Monday, April 16, 2012

Time Travelers Alert: The Historical History of the Hysterical Top Hat

by Brenda Hibbs


Looking diligently back into The History of Fancy Hats, one can deduce a definite chronological divide between “The Time of TriCorns” and “The Time of Top Hats.” This is important information for Time Travelers, since arriving in the “Time of TriCorns” wearing a Top Hat could be disastrous, as could, of course, the opposite! And top hats have such an interestingly dichotomous lineage – both silly and elegant! Silly because, as we shall see, they have gone through amazing extremes of fashion on their way to becoming the dignified head wear familiar to Upper-Crusteans the world over.

Although their invention is generally attributed to haberdasher George Dunnage in 1793 (more on that in Part II), and thought of by most as an English conception, they can actually be seen in French etchings as early as the 1780's. There had been a hat called a “Capotain” in style since the 1590's (can you imagine a style with 200-year staying power?? Time travelers, take note), which was middlin' tall and slightly conical, with a somewhat narrow brim. We in the U.S. tend to think of them as “pilgrim hats;” they were often adorned with a centered buckle on the hatband.

By the late 1700's, however, the style had been refined and was being worn regularly by French “dandies” - gentlemen fashionistas who were principal driver's of French style at the time. They were not then called “top hats,” but, rather “Paris Beau,” or even just “beaver hats,” since beaver was a favorite hat material, as was silk.

Here's where the story starts tending toward the silly... It would be a gross understatement to say that the late 18th century French aristocracy were quite fond of exaggeration when it came to costume. Think dresses 3 times wider than your body, and powdered wigs half again your own height! The same was true of hats, of course, including the top hat. Well- heeled French Ladies would have the style enlarged and softened, then adorned with everything from bird cages to sailing ships, with plenty of large, fluffy ostrich feathers shoved in all over. The men's hats, were, of course, somewhat less overdone, but those caught up in the movement called “Les Incroiables” (the Incredibles) were, for a time, also seen wearing large floppy versions, as seen in the illustration to the right.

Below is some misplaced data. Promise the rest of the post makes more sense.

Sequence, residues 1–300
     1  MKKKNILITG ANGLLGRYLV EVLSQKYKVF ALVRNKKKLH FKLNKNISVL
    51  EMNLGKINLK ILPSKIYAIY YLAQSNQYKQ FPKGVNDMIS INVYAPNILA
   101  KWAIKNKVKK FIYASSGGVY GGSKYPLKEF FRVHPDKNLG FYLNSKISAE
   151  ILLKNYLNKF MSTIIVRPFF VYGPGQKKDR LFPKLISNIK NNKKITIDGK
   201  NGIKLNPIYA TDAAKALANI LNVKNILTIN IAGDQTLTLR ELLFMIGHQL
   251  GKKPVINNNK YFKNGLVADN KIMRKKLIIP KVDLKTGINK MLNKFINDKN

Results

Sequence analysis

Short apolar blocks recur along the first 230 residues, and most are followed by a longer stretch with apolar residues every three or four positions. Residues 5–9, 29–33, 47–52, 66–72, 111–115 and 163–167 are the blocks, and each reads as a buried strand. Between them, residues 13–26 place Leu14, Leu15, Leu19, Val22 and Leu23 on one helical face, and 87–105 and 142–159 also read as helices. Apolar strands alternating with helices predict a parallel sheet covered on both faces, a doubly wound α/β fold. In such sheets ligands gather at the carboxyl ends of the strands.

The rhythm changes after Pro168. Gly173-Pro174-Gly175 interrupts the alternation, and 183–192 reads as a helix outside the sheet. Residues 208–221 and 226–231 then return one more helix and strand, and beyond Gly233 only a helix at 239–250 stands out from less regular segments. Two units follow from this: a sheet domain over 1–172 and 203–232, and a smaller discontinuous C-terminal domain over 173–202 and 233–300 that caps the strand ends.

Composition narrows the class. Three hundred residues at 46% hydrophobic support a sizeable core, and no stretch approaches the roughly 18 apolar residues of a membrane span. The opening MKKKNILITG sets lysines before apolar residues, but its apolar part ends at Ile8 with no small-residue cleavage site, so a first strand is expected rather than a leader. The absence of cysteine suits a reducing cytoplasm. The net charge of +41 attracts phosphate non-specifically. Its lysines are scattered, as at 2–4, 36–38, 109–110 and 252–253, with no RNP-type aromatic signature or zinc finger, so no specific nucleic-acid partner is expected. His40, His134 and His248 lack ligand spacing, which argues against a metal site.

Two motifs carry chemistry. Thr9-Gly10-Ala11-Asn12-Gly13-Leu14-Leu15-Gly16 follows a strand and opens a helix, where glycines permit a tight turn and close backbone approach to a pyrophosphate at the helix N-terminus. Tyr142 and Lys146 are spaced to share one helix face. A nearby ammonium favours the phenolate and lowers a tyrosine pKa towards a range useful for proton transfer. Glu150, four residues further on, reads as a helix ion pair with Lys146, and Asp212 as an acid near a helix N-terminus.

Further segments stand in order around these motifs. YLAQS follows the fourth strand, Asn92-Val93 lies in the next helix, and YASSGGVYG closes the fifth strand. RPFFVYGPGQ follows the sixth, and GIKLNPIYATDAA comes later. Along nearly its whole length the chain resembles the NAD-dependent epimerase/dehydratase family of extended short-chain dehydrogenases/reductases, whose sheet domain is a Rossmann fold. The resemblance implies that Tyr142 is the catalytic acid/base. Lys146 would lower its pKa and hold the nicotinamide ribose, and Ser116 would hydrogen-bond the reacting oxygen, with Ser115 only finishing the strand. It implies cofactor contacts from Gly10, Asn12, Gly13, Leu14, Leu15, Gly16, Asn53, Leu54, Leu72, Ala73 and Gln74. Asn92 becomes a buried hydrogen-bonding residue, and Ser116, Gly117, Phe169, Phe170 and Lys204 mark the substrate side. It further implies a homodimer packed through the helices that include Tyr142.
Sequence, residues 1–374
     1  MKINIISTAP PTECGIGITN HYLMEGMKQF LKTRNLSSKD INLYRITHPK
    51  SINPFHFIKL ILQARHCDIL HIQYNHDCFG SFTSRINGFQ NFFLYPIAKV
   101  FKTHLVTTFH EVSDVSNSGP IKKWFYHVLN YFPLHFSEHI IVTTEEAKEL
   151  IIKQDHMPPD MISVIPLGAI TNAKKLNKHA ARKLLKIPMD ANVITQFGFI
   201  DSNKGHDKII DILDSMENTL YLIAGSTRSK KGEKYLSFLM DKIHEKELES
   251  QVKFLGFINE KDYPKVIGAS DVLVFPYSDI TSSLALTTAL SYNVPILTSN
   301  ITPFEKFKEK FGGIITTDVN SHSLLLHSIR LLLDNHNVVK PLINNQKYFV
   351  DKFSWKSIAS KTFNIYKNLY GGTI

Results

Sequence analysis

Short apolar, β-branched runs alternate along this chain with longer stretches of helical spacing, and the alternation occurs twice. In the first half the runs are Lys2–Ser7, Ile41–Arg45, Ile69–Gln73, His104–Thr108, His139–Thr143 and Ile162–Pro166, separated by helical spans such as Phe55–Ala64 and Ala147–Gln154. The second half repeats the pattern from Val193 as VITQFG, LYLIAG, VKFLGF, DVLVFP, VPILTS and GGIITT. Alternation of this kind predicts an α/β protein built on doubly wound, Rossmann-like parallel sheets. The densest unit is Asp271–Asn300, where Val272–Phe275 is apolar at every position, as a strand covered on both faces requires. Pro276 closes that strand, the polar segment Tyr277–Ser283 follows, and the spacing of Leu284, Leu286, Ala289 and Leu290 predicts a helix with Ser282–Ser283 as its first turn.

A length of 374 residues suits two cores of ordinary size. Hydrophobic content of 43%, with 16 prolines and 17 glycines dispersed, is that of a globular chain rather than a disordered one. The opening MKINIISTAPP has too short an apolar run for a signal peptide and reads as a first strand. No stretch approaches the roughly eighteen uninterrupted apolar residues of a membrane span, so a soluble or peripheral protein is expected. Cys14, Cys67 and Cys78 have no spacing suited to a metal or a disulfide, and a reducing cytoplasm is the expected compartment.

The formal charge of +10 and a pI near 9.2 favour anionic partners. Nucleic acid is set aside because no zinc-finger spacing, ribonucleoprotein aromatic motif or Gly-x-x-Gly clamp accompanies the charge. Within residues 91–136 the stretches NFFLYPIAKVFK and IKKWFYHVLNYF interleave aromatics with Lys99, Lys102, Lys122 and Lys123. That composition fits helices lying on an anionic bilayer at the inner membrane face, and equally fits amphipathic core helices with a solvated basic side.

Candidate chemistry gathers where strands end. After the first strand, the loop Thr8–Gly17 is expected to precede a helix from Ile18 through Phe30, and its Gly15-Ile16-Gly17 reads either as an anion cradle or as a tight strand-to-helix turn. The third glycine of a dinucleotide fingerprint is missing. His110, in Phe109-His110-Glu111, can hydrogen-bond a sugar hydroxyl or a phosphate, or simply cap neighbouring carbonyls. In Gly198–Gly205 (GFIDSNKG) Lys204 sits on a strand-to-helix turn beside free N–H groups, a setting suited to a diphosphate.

So, you may ask, how did this caricature of what would become the ultimate in distinctive menswear morph into the perfect hat for any special occasion? Stay tuned to Part II for tales of women swooning and screaming, courts, coppers and jail, patents and royalty!


By 1797 the top hat had made its way to England, the Aristocratic French and the well-to-do English perpetually racing to outdo each other as fashion plates. The Dandy movement, too, was just as popular in England, the chief model of which was Mr. George Bryan “Beau” Brummel, a man who was reportedly famous for not wearing a wig (somebody decided to put a tax on wig powder!) and, well... being famous. And although the trend in England did not involve hyperbolic hats or skirts as wide as church doors, it did involve specific modes of style, including men's corsets, to achieve just that perfect air of insouciance and laissez-faire. However popular the style (including the top hat) may have been amongst the gentry, though, it was apparently not equally well received in all locales, as we shall see.

As noted in Part I, hatter George Dunnage of Middlesex County is generally credited with the “invention” of the top hat in 1793. (Of course, we Futurians are now the wiser, knowing as we do that the French were wearing them at least a decade earlier!) What Mr. Dunnage actually did was patent it – a very smart gentleman, indeed. Curiously, about a century later, an article printed in an English publication, “The Hatter's Gazette,” told of turbulent events surrounding the appearance of the “first” top hat in London. One would think that people residing in the heart of London would be somewhat less insular, but here's where the tale gets really silly, just a few years before the hat came to be the height of elegance.

The report was of poor John Hetherington, out for a promenade one day when he inadvertently caused not just a “stir” but nearly a riot in what one would have assumed was a “fashionable” district of London called “The Strand.”

Apparently there were women screaming and fainting. Dogs barking and children crying. Fear, confusion and flying fruit. Horses bolting and crowds surging (there is even a report of one boy's arm being broken as a result)! Quite the ruckus! All just because Mr. Hetherington decided to take a leisurely stroll down the thoroughfare wearing his shiny new Top Hat.